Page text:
By altering the soil pH with vinegar, you can actually turn your pink-flowering hydrangeas blue! For this trick, simply dilute your vinegar in water before pouring it around the base of your hydrangeas, and within just a few weeks you could have fresh and bountiful blue blooms.
You can use vinegar to lower the pH of your soil, but be aware that in order to achieve blue blooms, you will need both an acidic environment and aluminum ions. The acidic environment will also need to be a sustained over a period of time, which could be hard if rainwater is washing the vinegar away.
A pH of 7 is neutral, and household vinegar has a pH of around 2.4 (which is quite acidic). The theory is, applying diluted vinegar to the soil will lower the pH enough to change the color of your hydrangea blooms. This strategy will make the soil more acidic, but not for long!
Mix one cup of apple cider vinegar with 10 litres of water (an average watering can's worth) and direct the solution at the base of the hydrangea, avoiding the leaves. Do this every couple of weeks and the colour will gradually change.
To start "blueing," most hydrangeas need a pH level of 5.5 or lower. To make your soil more acidic, dilute 1 cup of apple cider vinegar into about 1 gallon of water. If you're fresh out of apple cider vinegar, you can also use white vinegar, but be aware that white vinegar tends to be much stronger.
Though hydrangeas prefer protection from hot direct sun, too much shade can prevent them from forming flower buds. Ideal light conditions for hydrangeas are several hours of direct morning sun with afternoon shade, or dappled shade that allows plenty of bright indirect light.
It's best to start adding coffee grounds to the soil months before the blooming season begins, ideally in the late fall. You can repeat the process with your typical fertilizing schedule. With a little caffeine and a lot of patience, your hydrangeas should reward your efforts come spring with the boldest blue globes.
Some gardeners report success in turning their hydrangeas blue by applying coffee grounds to the soil. The coffee grounds make the soil more acidic, allowing the hydrangea to more easily absorb aluminum. In addition, fruit peels, lawn clippings, peat moss and pine needles, are thought to have a similar effect.
Espoma Organic Traditions 6 lb. Garden Sulfur Soil Acidifier is an all-natural mineral that can be used to lower the pH of your soil. It can also provide plants with sulfur, a nutrient that promotes growth and dark greening. It will turn hydrangeas from pink to blue.
Pickle juice is mostly composed of vinegar, which can help to lower the pH of the soil and make it more acidic, which can be great for plants like Hydrangea, Gardenia, Camellia, Azalea, Begonia, Impatiens, Rhododendron, Blueberry, Potentilla, Heather, Vinca, Clematis, Fuchsia, and Astilbe.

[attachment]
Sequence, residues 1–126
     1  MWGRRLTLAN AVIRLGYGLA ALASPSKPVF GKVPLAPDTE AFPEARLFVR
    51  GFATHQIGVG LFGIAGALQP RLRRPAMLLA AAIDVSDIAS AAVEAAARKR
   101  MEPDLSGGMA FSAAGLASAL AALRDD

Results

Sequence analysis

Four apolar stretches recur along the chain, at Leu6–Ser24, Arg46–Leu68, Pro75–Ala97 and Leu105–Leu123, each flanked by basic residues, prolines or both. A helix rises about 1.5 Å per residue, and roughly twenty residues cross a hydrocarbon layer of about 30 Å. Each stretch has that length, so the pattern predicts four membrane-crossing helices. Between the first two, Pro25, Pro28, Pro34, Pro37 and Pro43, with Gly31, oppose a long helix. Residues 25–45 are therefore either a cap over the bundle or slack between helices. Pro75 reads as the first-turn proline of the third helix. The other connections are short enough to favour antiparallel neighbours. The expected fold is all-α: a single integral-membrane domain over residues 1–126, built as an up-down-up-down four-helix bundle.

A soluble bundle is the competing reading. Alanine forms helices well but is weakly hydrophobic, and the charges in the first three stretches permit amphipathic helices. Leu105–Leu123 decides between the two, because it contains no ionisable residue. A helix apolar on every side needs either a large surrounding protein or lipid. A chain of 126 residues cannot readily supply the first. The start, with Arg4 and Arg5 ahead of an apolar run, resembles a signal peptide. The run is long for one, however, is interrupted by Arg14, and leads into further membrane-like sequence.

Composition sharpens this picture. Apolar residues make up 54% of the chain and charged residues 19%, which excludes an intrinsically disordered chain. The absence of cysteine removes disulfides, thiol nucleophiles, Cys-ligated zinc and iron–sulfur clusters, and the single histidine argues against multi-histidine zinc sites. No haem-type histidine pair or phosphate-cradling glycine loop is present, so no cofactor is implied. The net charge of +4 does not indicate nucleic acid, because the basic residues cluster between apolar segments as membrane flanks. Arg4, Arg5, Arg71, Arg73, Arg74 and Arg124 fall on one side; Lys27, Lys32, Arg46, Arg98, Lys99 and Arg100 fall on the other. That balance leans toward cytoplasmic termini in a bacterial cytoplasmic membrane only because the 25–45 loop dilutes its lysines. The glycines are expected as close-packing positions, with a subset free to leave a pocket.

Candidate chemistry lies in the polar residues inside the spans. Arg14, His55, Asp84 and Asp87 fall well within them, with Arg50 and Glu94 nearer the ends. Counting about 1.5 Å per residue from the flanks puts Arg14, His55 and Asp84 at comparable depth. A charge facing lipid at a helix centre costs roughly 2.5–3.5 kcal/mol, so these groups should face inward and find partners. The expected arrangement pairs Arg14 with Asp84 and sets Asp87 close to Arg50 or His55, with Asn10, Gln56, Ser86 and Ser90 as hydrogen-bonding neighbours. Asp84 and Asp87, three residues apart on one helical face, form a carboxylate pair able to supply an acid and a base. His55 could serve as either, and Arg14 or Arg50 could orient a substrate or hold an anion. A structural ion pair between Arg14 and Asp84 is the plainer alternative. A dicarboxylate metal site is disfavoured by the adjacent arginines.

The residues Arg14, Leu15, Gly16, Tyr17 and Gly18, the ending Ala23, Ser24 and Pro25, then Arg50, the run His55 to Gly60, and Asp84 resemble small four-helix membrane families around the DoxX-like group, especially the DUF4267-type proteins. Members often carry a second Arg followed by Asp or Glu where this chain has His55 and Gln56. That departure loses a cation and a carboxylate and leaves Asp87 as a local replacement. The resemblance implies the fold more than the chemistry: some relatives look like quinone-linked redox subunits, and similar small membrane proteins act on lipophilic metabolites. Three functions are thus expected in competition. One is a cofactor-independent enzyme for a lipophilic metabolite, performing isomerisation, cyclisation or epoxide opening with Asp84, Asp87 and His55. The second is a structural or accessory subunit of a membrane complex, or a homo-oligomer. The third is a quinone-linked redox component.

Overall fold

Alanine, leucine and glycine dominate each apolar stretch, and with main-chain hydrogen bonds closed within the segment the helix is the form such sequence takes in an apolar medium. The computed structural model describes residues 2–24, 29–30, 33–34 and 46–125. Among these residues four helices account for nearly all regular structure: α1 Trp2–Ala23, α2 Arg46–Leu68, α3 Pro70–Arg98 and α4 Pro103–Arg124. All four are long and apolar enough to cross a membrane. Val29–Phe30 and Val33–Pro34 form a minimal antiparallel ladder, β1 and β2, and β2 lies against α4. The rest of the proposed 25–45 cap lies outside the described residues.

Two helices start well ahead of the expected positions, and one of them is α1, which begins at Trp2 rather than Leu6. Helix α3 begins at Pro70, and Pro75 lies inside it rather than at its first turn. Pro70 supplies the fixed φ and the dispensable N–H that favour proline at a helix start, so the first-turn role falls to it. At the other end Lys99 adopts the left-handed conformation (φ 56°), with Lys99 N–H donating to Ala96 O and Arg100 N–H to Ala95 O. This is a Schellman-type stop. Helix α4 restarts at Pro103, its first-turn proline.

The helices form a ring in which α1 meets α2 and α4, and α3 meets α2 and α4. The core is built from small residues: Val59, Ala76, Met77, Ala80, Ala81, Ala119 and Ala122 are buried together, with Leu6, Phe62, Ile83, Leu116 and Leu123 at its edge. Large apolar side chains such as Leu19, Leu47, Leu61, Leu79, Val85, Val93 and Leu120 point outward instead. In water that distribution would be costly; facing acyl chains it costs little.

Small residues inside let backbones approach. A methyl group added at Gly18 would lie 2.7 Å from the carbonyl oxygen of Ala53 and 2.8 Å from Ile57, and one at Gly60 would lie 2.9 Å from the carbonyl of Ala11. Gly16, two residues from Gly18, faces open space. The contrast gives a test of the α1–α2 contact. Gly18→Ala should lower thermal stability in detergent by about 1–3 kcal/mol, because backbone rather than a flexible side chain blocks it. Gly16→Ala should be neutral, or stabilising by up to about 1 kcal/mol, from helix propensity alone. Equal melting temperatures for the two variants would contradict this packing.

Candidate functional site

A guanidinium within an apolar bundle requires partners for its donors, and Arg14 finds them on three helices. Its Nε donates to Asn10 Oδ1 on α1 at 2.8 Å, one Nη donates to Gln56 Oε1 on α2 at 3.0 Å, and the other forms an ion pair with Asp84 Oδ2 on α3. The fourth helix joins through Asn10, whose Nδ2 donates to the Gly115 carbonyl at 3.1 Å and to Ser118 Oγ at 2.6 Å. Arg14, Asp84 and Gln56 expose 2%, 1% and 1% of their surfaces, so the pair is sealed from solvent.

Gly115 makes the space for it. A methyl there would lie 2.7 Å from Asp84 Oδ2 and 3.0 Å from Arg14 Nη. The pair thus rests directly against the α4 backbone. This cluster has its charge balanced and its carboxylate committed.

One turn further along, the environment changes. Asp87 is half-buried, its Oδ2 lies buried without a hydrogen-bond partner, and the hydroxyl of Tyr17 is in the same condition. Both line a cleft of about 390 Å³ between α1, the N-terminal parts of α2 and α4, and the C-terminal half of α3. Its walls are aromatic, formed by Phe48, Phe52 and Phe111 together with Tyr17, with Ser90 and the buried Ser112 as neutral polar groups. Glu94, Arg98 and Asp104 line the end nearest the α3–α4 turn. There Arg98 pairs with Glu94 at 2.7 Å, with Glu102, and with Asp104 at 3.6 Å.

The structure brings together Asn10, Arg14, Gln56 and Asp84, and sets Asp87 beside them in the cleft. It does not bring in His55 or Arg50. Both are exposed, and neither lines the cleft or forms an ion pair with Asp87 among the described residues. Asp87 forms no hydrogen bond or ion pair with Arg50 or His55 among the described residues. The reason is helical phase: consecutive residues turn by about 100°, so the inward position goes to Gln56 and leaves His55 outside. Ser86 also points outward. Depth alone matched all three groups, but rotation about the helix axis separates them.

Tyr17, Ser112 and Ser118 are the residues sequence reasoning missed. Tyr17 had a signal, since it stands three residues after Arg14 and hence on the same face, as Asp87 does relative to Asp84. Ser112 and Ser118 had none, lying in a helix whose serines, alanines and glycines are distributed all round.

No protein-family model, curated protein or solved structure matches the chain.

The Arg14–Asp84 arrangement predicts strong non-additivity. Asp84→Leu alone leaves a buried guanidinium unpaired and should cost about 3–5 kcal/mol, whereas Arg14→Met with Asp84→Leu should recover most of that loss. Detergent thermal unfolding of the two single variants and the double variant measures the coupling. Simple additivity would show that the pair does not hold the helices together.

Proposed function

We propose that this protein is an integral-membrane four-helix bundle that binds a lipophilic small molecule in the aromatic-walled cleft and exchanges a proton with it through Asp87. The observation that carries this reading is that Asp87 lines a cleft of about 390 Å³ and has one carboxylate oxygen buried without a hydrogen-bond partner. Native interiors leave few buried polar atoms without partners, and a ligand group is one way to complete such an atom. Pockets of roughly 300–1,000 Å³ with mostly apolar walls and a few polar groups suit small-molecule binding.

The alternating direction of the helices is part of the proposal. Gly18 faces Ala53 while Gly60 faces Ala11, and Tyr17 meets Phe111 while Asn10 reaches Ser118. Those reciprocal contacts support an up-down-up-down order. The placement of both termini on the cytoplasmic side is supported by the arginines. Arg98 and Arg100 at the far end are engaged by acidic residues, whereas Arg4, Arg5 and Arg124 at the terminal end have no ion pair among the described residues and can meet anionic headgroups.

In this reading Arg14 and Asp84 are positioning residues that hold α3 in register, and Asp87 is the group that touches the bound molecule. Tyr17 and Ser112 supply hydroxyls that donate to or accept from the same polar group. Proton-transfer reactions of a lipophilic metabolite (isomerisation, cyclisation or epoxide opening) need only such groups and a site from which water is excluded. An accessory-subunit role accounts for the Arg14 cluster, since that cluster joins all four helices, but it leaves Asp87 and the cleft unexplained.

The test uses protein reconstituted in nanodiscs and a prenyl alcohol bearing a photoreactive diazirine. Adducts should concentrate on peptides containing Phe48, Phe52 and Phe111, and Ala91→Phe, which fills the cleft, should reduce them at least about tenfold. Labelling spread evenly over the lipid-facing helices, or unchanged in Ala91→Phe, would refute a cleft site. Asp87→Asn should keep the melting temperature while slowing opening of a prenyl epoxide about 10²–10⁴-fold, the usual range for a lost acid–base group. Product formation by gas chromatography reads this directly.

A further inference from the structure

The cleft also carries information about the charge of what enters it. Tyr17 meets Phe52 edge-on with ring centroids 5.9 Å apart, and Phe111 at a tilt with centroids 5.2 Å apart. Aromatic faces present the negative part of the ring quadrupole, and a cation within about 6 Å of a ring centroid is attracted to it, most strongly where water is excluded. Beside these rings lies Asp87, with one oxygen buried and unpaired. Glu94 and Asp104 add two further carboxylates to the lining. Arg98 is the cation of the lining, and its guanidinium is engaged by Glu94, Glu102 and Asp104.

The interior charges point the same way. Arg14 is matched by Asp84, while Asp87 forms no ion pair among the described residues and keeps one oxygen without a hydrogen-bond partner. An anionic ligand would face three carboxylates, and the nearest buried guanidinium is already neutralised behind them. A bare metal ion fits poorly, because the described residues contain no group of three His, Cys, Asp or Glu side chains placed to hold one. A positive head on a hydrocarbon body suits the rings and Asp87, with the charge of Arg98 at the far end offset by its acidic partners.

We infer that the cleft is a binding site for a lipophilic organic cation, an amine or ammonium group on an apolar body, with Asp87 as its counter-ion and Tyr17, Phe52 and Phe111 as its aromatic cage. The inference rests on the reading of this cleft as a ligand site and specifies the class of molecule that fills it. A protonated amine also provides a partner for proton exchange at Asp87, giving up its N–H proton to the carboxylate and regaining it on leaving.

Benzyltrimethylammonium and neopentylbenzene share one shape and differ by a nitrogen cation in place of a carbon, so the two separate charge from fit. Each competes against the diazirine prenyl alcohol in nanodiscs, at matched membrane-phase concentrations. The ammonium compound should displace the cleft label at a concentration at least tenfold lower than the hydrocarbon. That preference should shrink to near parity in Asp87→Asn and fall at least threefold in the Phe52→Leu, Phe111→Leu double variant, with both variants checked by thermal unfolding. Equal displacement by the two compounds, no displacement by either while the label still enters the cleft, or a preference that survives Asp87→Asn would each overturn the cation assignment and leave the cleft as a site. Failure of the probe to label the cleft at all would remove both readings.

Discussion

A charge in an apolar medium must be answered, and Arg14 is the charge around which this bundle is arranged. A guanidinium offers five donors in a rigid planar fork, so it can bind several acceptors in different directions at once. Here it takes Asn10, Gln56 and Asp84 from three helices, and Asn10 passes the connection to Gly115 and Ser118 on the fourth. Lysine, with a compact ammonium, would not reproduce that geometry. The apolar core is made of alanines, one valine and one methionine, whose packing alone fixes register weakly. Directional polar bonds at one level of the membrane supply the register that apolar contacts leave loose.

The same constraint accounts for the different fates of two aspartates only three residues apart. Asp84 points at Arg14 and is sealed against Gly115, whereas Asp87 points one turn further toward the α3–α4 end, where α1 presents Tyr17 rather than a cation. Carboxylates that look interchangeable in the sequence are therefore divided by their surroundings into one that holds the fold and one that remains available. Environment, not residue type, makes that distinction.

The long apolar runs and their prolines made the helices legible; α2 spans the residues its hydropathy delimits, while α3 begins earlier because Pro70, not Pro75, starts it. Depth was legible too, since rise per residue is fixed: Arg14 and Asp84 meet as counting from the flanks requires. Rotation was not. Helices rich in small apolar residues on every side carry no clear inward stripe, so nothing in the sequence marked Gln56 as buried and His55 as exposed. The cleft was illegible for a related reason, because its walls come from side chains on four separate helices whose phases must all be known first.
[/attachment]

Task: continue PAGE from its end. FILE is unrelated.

If you're looking for a natural way to help your hydrangeas reach their fullest potential, then Epsom salt could be just what the doctor ordered. Not only is it a superb choice for improving soil fertility and helping your plants thrive, but it also provides essential nutrients that help combat common gardening woes.
If your hydrangeas do get infected, you have several easy, effective, and homemade options. You can dilute either hydrogen peroxide or garlic oil in a spray bottle and spray it directly on the affected leaves.
First, add a 1/4 cup of sugar to the room temperature water in the vase. The sugar helps feed the stems and increases the life of the cut flowers.
Hydrangeas produce a “sap” that clogs their stems and blocks water from traveling up it to those gorgeous blooms. The boiling water helps to do away with the sap.
Miracle-Gro Performance Organics Blooms Nutrition
This is an all-purpose blossom booster that's suitable for use on a wide variety of perennial and annual blooming plants, including hydrangeas. It provides various minerals, including copper, calcium, and iron, to supplement common nutrient deficiencies.
Baking soda helps reduce soil acidity and increase the pH levels needed for these flowers to blossom into a deep shade of red.
There are plenty of reasons why your hydrangeas may not be blooming as much as they once did. Conditions like extreme heat, drought, or excessive sun exposure can all impact how many flowers your shrubs produce. Pruning is also an important consideration.
Although there are many types of hydrangeas, they all require similar environments. They grow best in about 4 hours of morning sun or filtered shade throughout the day. Keep in mind that do not like extremely hot conditions, so try to locate them in an area where they can enjoy some afternoon shade.
Adjust the Soil pH
Organic acidifiers include sulfur and sulfate. There are also easy-to-use soil additives made specifically for hydrangeas. Bailey's Color Me Blue (soil sulfur) or Bailey's Color Me Pink(garden lime) change the pH of the soil so you can enjoy the hydrangea bloom color you want.
Water your hydrangeas in the morning before the heat of the sun is strong enough to quickly evaporate soil moisture. Try to avoid watering at night, which can encourage mold and mildew as the moisture sits through the cool night. Water your hydrangeas through the growing season as well as in late fall.
Spray a mixture of apple cider vinegar and water in winter and early spring when buds appear, then every couple of weeks.
A Little Goes a Long Way. Baking soda is the secret, but keep in mind that a little bit does go a long way. To apply it to your wilted hydrangeas, mix 1 tablespoon of baking soda into 2 quarts of water. Stir to be sure the baking soda thoroughly dissolves.